Disease outbreak in Banks Island muskox

(Photo from Flickr Creative Commons user soxophone player)

An outbreak of erysipelas has killed at least 100 muskox on N.W.T.’s Banks Island.

Wildlife officials say preliminary lab results suggest erysipelas bacteria are causing the deaths. The disease is typically found in livestock such as pigs (where it is known as ‘diamond skin disease’) and domestic turkeys, but has also been found in other birds and mammals.  Contact with the bacteria, (Erysipelothrix rhusiopathiae) can also cause disease in humans (erysipeloid) which causes skin lesions and could lead to blood poisoning if left untreated.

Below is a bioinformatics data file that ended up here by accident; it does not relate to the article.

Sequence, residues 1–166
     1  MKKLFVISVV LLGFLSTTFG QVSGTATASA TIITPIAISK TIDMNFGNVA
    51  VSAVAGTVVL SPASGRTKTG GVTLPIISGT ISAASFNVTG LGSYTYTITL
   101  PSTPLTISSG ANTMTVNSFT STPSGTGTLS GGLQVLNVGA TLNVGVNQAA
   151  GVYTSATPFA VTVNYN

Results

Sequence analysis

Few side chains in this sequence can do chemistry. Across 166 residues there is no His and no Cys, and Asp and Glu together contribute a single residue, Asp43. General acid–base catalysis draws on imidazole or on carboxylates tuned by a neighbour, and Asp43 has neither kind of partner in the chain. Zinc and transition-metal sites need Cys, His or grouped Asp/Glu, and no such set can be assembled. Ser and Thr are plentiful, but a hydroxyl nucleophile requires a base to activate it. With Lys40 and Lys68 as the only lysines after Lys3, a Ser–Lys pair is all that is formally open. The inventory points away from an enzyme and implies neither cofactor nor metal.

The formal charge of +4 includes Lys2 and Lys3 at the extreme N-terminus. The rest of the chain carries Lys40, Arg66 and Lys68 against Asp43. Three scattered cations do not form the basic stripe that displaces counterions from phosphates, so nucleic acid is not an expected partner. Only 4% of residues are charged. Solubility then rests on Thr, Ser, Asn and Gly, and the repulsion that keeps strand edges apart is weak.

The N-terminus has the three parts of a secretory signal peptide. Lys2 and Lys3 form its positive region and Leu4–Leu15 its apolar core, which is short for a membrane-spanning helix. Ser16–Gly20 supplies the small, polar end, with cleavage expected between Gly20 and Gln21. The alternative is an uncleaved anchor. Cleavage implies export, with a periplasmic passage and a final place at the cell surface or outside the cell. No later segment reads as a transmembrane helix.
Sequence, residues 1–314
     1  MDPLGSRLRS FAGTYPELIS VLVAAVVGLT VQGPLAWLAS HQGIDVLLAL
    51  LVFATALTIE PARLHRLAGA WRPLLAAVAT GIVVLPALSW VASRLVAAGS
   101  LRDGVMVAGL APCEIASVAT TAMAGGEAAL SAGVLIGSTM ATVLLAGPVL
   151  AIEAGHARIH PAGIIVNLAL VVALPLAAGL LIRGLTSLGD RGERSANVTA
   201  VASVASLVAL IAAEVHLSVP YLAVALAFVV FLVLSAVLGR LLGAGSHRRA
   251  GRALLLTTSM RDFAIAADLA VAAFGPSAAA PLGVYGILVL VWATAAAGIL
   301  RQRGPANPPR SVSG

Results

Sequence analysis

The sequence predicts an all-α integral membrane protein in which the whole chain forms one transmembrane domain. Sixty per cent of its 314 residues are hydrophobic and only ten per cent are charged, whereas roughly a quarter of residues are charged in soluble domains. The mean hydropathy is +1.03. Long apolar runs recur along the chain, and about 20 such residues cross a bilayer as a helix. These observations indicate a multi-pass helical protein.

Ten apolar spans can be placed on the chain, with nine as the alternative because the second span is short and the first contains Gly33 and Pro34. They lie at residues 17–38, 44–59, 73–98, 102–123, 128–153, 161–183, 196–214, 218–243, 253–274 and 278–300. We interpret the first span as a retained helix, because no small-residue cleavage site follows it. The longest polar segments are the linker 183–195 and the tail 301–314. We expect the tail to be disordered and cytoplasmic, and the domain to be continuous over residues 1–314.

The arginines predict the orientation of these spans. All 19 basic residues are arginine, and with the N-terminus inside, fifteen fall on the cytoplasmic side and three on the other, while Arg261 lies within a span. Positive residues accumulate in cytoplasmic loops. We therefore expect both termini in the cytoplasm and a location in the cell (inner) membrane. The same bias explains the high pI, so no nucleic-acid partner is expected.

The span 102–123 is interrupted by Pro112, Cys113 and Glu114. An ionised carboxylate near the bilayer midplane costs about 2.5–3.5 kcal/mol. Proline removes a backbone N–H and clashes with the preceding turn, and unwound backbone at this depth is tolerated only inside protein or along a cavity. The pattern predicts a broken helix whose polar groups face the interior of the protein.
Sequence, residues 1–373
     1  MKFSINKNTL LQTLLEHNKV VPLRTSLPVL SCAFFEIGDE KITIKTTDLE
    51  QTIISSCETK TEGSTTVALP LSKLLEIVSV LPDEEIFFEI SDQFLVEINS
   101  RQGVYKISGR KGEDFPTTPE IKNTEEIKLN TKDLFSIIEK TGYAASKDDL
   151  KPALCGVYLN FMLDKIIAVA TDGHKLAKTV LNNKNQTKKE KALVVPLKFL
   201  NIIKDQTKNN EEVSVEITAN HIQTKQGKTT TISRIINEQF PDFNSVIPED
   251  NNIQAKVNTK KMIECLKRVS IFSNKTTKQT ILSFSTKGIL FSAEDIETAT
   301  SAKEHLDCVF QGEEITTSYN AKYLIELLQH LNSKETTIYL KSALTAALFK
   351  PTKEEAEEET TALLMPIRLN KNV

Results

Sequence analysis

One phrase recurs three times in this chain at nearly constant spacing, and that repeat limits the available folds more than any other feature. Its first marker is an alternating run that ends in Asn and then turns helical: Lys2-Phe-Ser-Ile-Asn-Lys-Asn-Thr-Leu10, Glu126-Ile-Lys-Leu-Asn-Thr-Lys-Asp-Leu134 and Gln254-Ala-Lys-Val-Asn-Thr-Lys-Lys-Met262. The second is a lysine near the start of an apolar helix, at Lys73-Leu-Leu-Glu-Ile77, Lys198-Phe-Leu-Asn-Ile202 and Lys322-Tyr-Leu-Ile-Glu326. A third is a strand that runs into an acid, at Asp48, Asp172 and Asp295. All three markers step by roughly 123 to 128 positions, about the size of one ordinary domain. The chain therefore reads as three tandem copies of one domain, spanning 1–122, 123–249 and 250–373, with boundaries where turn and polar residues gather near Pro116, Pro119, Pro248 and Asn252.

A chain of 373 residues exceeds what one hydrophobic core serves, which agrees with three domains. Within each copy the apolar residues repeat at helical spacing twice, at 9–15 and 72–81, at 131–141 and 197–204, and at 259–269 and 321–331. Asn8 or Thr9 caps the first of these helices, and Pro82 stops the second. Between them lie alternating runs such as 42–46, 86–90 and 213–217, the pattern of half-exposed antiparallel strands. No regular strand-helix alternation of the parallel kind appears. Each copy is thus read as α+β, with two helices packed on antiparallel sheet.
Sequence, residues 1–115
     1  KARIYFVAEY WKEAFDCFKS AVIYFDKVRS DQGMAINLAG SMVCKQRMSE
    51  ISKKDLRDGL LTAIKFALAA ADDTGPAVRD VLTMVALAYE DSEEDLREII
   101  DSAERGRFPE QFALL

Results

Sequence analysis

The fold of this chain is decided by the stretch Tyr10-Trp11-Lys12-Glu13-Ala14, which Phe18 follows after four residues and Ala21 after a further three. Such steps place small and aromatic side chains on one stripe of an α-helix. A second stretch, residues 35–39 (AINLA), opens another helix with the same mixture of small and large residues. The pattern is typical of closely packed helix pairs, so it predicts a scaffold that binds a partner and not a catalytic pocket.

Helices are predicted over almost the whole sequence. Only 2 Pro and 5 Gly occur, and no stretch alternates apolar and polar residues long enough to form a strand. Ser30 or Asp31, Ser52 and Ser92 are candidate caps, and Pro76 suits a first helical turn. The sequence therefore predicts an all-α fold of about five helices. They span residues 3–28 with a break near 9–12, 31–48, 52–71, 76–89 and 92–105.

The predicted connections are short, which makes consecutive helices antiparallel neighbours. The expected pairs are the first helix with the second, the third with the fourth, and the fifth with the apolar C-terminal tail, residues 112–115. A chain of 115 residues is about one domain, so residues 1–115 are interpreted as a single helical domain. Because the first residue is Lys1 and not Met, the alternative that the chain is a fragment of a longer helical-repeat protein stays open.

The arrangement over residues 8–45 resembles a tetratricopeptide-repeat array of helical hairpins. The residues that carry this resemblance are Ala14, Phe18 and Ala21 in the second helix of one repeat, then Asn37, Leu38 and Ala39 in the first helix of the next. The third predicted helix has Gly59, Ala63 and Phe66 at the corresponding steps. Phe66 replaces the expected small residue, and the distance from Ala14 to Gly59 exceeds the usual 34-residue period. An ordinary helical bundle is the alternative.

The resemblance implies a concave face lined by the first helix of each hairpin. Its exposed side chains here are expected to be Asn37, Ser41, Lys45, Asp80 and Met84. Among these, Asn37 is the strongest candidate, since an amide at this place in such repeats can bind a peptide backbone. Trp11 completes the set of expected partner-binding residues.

This is the first time the disease has been seen in muskox in the N.W.T., however, there is at least one previous record of this infection in Canadian wild ungulates. Three moose calves found dead in the spring of 1989 in Algonquin Provincial Park in Ontario were heavily infected with E. rhusiopathiae. They also suffered from severe infection with winter ticks, hair loss and malnutrition, suggesting a possible relationship between stress and lethal infection with this bacterium. (Journal of Wildlife Diseases 1994. 30 (3): 436-438. http://www.jwildlifedis.org/content/30/3/436.full.pdf+html).

CBC News – www.cbc.ca

For the full news article please see: http://www.cbc.ca/news/canada/north/story/2012/07/28/north-muskox-disease-sachs.html


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